|9 Months Ended|
Sep. 30, 2018
|Income Taxes [Abstract]|
NOTE 13. INCOME TAXES
On December 22, 2017, the U.S. government enacted the Tax Cuts and Jobs Act of 2017 (the “Tax Act”). The Tax Act made broad and complex changes to existing U.S. tax laws that impact the Company. Most notably, the Tax Act reduced the U.S. federal corporate tax rate from 35 percent to 21 percent effective January 1, 2018. The provisions of the Tax Act and related guidance provided by Staff Accounting Bulletin No. 118 allow for adjustments throughout 2018 to account for the impacts of the 2017 tax law changes. As of September 31, 2018, no additional adjustments related to the impacts of the 2017 tax law changes have been made; however, final adjustments may be necessary in the fourth quarter due to the significant complexity of the Tax Act and anticipated additional regulatory guidance or technical corrections that may be forthcoming as well as actions the Company may take as a result of tax reform.
In several states in which the Company operates, the states’ position is to conform to Federal tax legislation. However, in practice no formal declaration is made by the states upon tax legislation changes. It is unclear at this time whether states have conformed to the Tax Act or adopted their own laws to address the federal changes. On a provisional basis, the Company released federal valuation allowance of $4,512 during the year ended December 31, 2017. If the Company had released the state valuation allowance, it would have resulted in an incremental tax benefit of approximately $400. The Company is also continuing to gather additional information and expects to complete its accounting within one year of enactment.
The Company takes into consideration the various changes of the Tax Act when calculating the estimated annual effective tax rate.
The difference between the Company’s estimated effective tax rate and the U.S. federal statutory tax rate of 21 percent for the three and nine months ended September 30, 2018, was primarily attributed to a discrete benefit associated with a tax windfall deduction from the vesting of restricted stock units and exercise of stock options and the release of an additional portion of the Company’s valuation allowance based on the Company’s forecasted pre-tax earnings for the year.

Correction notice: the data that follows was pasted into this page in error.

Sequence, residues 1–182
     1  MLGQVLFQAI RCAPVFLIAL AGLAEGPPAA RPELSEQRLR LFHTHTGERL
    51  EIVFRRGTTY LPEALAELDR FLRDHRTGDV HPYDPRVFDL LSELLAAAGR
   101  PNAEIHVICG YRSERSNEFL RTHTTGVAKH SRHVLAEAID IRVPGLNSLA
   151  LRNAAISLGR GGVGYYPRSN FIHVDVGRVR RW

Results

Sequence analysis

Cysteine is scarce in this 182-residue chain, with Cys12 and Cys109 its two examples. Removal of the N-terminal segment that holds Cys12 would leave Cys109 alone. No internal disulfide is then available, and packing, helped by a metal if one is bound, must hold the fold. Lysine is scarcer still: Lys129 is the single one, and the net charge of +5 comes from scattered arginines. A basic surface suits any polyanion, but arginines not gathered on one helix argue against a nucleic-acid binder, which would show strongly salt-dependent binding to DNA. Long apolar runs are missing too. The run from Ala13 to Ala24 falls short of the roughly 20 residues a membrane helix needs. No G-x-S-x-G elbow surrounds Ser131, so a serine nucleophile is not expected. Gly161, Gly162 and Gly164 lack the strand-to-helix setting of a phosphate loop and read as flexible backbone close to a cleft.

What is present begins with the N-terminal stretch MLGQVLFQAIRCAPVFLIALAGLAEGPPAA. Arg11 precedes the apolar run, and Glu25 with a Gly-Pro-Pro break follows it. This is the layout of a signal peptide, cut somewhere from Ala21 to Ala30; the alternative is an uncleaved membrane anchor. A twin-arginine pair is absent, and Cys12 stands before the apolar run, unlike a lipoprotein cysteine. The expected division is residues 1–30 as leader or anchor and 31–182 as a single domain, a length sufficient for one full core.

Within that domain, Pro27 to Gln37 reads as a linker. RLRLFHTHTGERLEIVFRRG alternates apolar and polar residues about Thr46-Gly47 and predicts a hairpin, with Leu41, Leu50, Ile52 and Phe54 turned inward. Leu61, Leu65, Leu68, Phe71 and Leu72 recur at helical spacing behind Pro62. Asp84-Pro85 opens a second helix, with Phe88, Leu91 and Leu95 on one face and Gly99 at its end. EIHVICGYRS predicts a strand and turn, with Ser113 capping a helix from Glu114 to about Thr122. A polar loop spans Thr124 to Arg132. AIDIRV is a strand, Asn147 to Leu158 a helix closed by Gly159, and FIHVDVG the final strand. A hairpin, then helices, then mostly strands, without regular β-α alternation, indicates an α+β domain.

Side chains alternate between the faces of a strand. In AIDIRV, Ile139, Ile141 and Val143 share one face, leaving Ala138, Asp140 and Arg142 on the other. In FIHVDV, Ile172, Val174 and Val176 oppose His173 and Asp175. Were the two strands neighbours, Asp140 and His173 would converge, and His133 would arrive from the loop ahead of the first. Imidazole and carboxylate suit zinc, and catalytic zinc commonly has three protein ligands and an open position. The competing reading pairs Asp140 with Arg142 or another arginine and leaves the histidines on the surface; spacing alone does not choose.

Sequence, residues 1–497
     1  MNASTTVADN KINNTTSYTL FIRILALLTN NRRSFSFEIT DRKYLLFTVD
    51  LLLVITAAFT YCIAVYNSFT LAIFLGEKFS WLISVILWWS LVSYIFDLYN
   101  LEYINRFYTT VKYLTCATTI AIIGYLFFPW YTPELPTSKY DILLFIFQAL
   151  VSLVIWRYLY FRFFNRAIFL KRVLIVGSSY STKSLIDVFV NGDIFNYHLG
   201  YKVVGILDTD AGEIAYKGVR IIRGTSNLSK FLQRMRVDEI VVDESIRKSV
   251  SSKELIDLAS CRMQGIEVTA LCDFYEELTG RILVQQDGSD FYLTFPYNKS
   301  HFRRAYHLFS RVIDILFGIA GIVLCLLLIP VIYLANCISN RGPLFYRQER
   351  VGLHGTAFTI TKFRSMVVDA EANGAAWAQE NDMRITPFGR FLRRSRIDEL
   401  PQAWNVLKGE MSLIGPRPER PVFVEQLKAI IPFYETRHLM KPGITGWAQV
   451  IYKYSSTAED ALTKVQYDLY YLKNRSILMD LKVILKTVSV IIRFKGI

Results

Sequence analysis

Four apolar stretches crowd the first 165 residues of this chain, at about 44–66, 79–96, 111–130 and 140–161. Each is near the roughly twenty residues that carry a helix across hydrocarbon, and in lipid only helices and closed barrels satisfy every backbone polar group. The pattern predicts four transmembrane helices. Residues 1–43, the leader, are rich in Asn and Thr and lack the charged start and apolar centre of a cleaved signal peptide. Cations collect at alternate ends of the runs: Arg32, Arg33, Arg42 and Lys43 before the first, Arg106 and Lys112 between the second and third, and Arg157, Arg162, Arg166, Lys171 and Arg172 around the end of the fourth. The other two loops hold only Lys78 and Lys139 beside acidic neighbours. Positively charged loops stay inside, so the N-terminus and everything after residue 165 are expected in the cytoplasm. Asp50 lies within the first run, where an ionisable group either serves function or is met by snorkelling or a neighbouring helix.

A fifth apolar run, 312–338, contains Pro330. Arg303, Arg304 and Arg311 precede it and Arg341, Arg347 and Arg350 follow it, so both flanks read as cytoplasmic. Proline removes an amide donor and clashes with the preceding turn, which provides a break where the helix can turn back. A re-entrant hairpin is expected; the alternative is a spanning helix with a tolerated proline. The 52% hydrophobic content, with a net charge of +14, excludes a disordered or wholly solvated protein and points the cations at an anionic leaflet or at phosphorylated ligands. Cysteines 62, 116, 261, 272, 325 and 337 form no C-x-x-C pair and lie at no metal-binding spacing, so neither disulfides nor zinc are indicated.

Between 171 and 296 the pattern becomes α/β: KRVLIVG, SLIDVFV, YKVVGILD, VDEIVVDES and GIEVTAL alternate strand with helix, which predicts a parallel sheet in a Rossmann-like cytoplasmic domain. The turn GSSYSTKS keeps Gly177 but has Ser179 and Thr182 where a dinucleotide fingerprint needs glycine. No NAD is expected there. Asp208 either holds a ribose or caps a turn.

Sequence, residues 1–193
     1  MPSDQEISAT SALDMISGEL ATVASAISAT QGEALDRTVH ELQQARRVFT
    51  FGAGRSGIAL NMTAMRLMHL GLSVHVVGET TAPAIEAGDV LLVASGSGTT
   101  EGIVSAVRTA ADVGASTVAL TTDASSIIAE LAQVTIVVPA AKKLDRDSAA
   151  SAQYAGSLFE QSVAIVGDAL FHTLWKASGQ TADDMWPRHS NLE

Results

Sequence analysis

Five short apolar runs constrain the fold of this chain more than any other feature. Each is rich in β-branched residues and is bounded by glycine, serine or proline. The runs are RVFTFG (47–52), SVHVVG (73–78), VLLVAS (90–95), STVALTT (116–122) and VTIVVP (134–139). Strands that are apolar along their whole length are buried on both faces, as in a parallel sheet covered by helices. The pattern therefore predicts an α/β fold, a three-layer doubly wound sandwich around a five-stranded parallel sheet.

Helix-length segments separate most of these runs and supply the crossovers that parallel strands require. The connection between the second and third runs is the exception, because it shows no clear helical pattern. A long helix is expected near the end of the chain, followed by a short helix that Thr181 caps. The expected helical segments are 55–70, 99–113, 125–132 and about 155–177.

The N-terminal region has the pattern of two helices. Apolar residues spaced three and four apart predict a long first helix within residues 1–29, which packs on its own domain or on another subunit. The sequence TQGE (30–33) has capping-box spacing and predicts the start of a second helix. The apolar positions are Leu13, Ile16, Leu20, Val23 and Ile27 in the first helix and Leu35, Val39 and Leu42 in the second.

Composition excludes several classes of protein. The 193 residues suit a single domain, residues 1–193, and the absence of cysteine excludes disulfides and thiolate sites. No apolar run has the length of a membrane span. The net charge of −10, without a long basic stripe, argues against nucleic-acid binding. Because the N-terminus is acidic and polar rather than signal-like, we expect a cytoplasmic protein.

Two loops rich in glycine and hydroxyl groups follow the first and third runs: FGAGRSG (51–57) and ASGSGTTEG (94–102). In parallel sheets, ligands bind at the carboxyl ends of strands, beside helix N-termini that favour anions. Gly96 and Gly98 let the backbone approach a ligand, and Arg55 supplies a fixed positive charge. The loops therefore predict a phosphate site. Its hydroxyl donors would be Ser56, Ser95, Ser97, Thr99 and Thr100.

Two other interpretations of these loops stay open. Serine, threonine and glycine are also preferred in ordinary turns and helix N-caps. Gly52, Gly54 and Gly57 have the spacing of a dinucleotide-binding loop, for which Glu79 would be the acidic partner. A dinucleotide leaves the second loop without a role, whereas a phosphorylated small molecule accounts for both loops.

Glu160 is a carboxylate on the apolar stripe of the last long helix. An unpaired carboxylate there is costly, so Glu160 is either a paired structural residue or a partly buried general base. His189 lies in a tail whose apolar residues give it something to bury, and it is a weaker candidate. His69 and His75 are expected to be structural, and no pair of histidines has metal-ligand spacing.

As of December 31, 2017, the Company’s gross deferred tax asset was $50,732. The Company had recorded a valuation allowance of $45,811, resulting in a net deferred tax asset of $4,921, before deferred tax liabilities of $8,587. The Company has provided a valuation allowance against a portion of the deferred tax assets as of December 31, 2017, because the ultimate realization of those assets did not meet the more likely than not criteria. The majority of the Company’s deferred tax assets consist of net operating loss carryforwards for federal tax purposes. If a change in control were to occur, these could be limited under Section 382 of the Internal Revenue Code of 1986 (“Code”), as amended.
In assessing the realizability of deferred income tax assets, management considers whether it is more likely than not that some portion or all of the deferred tax assets will not be realized. The ultimate realization of deferred tax assets is dependent upon the generation of future taxable income during the periods in which those temporary differences become deductible and net operating loss and credit carryforwards expire. The estimates and judgments associated with the Company’s valuation allowance on deferred tax assets are considered critical due to the amount of deferred tax assets recorded by the Company on its consolidated balance sheet and the judgment required in determining the Company’s future taxable income. The need for a valuation allowance is reassessed at each interim reporting period.
As of December 31, 2017, the Company had net operating loss, research and experimentation credit and alternative minimum tax credit carryforwards for U.S. federal income tax purposes of $156,598, $3,452 and $0, respectively. The Company believes its U.S. federal net operating loss (“NOL”) will substantially offset its future U.S. federal income taxes. The majority of the Company’s pre-tax income is currently earned and expected to be earned in the U.S., or taxed in the U.S. as Subpart F income and will be offset with the NOL.
NOLs available to offset taxable income, subject to compliance with Section 382 of the Code, begin to expire based upon the following schedule:
The entire disclosure for income taxes. Disclosures may include net deferred tax liability or asset recognized in an enterprise's statement of financial position, net change during the year in the total valuation allowance, approximate tax effect of each type of temporary difference and carryforward that gives rise to a significant portion of deferred tax liabilities and deferred tax assets, utilization of a tax carryback, and tax uncertainties information.
Reference 1: http://www.xbrl.org/2003/role/presentationRef